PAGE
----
But here’s the interesting part: how did I get from 200 players to 3M+? The short answer: it was stolen and put on MANY other websites around the world. You see, I was too dumb to protect it, and I didn’t even put my company logo or the game title in the game, so people just rebranded it and claimed it as their own. It got featured on lots of Chinese and Russian websites. There was no English text in the whole game. Everything was icon-based, so it was accessible in any language.
BUT, because of that incident, I got exactly what I wanted: feedback. With 200 players, I got close to 0 feedback, with 3M+, there were plenty of players to give feedback. I had to track websites down and translate feedback back to English, but still, there was lots of feedback. But that’s not all, I was tracking everything in the game using Game Analytics. I knew exactly how people were playing, so I knew how to improve the game for mobile.
But then at that point I was travelling around the world with my wife for about a year, so I didn’t have much time to make the mobile version. But I did it anyway. I stopped Chiang Mai, Thailand, to work on it for one full month and finished it. So Rogue Sharks for mobile exists, and is a much better game than Rogue Sharks Arcade on the web. I never released it though, because it’s still bad in my opinion. We were in 2016 then and there’s millions of games in the App Stores. A lot of them are great and have a much bigger budget than we had at the time. Unless I found a good partner to release the game, I figured there was no point releasing a game no one would discover and play.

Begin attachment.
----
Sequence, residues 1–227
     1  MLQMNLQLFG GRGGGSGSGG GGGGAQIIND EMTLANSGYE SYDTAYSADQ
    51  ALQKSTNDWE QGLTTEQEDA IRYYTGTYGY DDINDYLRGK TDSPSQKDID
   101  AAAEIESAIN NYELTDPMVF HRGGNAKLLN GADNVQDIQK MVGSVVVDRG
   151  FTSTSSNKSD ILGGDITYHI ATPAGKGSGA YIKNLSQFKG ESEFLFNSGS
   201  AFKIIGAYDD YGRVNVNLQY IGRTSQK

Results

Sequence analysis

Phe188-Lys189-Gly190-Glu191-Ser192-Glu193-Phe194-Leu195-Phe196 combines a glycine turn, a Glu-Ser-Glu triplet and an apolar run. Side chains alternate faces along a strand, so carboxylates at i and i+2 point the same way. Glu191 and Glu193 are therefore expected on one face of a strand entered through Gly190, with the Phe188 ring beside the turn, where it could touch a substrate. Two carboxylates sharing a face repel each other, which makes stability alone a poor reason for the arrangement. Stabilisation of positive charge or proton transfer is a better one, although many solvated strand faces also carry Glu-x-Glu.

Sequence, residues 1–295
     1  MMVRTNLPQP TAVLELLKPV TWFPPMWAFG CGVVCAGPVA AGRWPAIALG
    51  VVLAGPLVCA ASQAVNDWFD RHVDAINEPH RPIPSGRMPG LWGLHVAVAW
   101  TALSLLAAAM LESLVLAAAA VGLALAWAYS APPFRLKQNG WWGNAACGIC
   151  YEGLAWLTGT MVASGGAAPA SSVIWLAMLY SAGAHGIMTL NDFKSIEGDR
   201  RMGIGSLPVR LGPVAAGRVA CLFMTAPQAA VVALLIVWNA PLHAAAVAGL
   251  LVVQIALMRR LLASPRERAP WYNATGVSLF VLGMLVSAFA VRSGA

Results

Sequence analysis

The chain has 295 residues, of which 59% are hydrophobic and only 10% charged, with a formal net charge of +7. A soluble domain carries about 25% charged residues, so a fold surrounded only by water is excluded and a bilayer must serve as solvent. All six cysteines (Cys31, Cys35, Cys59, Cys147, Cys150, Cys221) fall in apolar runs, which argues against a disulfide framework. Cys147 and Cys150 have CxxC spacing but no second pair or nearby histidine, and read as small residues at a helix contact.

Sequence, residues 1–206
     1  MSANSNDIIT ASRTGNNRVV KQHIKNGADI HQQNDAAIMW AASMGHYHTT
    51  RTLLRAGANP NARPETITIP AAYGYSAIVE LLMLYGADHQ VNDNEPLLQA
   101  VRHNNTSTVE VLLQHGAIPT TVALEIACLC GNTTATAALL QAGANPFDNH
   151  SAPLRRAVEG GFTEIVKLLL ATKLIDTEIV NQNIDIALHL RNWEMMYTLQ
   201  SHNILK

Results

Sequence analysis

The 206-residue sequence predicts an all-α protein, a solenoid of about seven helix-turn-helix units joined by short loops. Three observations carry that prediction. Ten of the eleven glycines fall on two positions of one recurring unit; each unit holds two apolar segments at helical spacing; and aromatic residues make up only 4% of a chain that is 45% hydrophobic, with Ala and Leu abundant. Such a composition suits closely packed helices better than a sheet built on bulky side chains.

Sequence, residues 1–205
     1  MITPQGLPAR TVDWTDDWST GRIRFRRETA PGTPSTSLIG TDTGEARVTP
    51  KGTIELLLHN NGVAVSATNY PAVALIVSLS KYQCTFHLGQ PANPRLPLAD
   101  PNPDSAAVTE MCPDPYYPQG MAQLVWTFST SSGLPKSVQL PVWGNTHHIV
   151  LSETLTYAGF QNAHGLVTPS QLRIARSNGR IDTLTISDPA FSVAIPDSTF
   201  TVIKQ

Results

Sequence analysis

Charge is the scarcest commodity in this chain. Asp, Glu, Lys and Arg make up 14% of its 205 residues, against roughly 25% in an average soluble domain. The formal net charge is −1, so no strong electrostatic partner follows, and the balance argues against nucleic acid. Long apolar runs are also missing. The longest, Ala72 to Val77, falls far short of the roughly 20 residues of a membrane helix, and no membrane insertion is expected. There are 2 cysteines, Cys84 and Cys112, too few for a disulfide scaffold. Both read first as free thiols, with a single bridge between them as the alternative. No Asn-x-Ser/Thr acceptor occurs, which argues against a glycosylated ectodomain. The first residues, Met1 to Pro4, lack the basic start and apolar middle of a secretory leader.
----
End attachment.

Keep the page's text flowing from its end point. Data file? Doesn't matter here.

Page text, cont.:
Plus, we’re Power Level Studios, we want to make great RPGs, not game genres we know nothing about.
So yeah, the game was “successful” for what we tried to achieve, but definitely no commercial success. And yeah 3M+ was definitely not expected!
Onto the game itself now. Why Soul Reaper? There seems to be quite a bit of competition on the name front…
If you play the game, you can see that the title Soul Reaper makes so much sense: You’re the grim reaper stealing souls! It’s also short enough and sounds pretty good. The word “soul” can be confused by “sole” however, which has been a problem in the past. Another problem was the release of Diablo III’s expansion: Reaper of Souls. Hopefully it will be old enough by the time we release the game in Q4 2018…
The character in the game was a secondary character from another game I had started work on for Xbox 360. Back then, he was the Gate Keeper. His role was to protect gates to other dimensions. Since the game was never released, and he was one of my personal favourite characters, I decided to make a game around him. So the first name was: The Gate Keeper. But his name didn’t make any sense in the context of soul stealing. We reused the fact that he’s an undead grim reaper and found a title that matches his “profession”.
According to your site, it’s a roguelike RPG with monster catching mechanics. Why did you choose to make this kind of game?